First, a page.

Whitby did not know he was supposed to be afraid of the city noise or the traffic, so he wasn’t.  Instead, he pranced perkily along, soaking up the atmosphere that was to become home to him.  He took special note of the pigeons, and the squirrels, and the other dogs.  


He did well on his first elevator ride to the fourth floor.  He lay down and waited until it was over.  As he entered The Coché Center, Judith greeted a client.  She introduced the pup to the client, who began to utter the most wonderful “oohs and aaahs”.  The sounds were music to Whitby’s ears.  Verbal cookies.  As the client bent to pet him, his tail slapped the waiting room coffee table.


He toddled into the treatment room and looked around at the tall glass windows and carpeted floor.  Now what?  Judith and the client sat in couches that were made of leather…. The clients said the leather absorbed the tears…but Whitby saw no tears.  The client, still overcome with enthusiasm for the beastie, continued to “OOH” and ”AAH”.   Whitby thought a minute.  Then he did what seemed natural.  He cocked his head, looked straight into her eyes for 45 seconds, sat at attention, and leaped…. Into her lap.  Judith smiled with relief…the pup would be as wonderful in this job as she had hoped. “Cuddles!” She said.  “Whitby CUDDLES!” The client, laughing and wrapping her arms around this delightful fuzzy bundle of puppylove, beamed at Whitby. He beamed back. “Whitby…good cuddles” said Judith, “GOOOD cuddles!”


Whitby heard nothing except the lively breathing of the recipient of his affection.  He wanted more.  He snuggled deeper into the client’s lap, and settled down.  He had found his new home, and his new career.  It was a match between a family, a field of work, and a wonderful pup.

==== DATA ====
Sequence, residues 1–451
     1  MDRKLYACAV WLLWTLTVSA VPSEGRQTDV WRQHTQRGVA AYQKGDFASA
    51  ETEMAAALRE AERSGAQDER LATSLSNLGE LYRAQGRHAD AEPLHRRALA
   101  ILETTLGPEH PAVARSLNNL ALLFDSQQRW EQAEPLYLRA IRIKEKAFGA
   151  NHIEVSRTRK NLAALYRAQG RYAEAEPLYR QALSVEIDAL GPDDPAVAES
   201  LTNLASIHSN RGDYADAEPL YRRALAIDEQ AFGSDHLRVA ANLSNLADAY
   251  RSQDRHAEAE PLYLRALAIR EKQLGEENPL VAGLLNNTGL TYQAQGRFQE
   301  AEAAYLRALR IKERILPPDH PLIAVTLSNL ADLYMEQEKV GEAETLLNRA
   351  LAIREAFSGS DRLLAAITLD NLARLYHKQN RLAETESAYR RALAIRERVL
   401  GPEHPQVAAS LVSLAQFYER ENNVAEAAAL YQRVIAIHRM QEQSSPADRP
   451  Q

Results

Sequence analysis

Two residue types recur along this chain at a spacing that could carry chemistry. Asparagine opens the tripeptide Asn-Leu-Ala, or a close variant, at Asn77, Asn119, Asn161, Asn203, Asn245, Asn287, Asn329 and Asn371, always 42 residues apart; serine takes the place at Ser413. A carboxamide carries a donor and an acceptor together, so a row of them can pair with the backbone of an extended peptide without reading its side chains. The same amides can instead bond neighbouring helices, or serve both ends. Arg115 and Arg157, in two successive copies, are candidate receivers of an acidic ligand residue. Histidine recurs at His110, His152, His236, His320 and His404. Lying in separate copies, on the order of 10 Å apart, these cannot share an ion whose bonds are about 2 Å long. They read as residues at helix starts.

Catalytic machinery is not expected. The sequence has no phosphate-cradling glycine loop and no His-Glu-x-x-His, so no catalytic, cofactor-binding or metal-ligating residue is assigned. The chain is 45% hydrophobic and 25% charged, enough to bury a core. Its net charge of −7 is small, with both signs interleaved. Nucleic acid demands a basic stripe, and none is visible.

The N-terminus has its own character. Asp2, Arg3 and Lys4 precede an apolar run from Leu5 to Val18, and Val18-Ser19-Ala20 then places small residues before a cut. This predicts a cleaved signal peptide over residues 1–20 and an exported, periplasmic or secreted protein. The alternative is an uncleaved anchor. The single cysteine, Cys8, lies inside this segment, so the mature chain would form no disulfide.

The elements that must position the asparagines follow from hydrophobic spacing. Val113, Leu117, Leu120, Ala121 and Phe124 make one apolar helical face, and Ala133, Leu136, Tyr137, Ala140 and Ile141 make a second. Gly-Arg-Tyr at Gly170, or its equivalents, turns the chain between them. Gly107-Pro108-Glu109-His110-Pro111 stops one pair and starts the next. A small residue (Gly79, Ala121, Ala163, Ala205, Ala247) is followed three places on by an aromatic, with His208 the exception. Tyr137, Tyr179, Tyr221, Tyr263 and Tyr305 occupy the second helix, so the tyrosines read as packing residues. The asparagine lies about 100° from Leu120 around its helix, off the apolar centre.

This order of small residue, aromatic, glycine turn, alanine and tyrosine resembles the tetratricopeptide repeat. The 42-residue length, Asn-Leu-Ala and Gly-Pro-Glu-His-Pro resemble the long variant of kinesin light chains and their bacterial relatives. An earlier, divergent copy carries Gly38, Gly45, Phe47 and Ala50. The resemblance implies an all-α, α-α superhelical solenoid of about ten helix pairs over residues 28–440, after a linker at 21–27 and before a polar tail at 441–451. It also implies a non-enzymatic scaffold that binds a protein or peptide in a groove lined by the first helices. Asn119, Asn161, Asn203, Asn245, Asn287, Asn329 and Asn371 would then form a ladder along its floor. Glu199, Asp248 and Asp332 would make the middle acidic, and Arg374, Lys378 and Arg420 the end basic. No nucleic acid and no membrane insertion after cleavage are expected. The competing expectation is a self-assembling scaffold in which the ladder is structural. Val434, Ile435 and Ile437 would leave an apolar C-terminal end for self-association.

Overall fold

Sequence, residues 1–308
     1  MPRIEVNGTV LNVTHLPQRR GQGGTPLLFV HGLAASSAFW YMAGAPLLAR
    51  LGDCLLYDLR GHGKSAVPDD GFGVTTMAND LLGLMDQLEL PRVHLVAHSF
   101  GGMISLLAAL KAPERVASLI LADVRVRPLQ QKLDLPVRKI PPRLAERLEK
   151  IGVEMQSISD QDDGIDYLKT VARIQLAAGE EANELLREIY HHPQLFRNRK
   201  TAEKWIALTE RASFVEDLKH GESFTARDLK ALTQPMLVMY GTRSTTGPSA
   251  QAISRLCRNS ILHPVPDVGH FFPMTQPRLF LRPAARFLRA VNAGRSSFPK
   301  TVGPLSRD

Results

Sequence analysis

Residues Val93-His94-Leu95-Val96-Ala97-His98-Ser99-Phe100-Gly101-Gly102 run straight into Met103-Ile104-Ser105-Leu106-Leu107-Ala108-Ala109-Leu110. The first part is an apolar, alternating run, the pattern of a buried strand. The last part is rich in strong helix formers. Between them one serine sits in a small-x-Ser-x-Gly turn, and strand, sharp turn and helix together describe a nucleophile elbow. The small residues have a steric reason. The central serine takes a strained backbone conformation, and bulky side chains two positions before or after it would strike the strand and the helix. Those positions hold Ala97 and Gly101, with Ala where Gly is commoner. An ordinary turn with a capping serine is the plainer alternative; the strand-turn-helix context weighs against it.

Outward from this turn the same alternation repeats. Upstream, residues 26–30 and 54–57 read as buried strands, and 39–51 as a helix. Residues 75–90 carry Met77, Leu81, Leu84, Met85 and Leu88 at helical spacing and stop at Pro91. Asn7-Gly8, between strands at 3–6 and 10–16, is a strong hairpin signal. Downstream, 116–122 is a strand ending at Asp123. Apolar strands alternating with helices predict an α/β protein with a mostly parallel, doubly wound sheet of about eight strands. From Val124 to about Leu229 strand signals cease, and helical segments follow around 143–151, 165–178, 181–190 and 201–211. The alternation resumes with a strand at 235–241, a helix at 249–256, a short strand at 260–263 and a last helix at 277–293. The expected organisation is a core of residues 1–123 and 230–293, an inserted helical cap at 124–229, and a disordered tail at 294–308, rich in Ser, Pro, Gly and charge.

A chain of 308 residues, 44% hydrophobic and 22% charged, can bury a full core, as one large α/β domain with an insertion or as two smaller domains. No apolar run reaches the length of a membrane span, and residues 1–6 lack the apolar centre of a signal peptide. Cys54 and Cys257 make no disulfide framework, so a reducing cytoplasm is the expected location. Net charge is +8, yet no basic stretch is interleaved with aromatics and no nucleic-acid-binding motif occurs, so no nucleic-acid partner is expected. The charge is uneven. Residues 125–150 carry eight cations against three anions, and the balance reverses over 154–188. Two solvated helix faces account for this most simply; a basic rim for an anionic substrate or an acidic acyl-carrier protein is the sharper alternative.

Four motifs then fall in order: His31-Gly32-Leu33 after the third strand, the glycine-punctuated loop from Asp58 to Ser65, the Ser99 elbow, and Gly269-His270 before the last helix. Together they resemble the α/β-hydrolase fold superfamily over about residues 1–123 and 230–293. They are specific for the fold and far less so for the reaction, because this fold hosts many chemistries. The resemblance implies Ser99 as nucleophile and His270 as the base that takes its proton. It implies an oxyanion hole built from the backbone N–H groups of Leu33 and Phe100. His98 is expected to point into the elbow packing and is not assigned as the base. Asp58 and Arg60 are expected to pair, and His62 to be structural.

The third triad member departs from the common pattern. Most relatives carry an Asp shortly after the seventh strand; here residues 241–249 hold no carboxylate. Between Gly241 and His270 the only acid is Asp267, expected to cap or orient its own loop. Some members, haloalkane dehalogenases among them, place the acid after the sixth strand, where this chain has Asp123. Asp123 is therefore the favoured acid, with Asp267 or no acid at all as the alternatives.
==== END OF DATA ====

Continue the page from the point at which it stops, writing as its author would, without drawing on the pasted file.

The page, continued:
For the next few days, client after client was involuntarily treated to a lapfull of fuzzy puppy love. Nobody said they minded. But Judith knew the day would arrive when a client would say “Err…I don’t like dogs” or “This is my good business suit” or “I only have one pair of stockings with me.  ’’ So, she decided to try to train Whitby to only jump into client’s lap if invited. 


Judith had never heard of a “Cuddles” command, but it could not be too hard to figure out.  She knew that Service Dogs often did “My Lap” when they visited nursing homes and hospitals.  Surely “cuddles” could be trained.  The motivation was in place…. Sheer unadulterated pleasure for both client and pup…no need for cookies or dried liver here.  The pup was a small learning sponge at six months of age.  Whitby seemed to be waiting to be trained on how to behave on the job. He was willing to do just about anything to please Judith and John and Juliette, their youngest daughter.  Clients that loved dogs, or needed tactile warmth could be selected to help with the training process.  The staff at the Coché Center could be drafted to reinforce the behavior with them and with clients.  Yup, it could be done.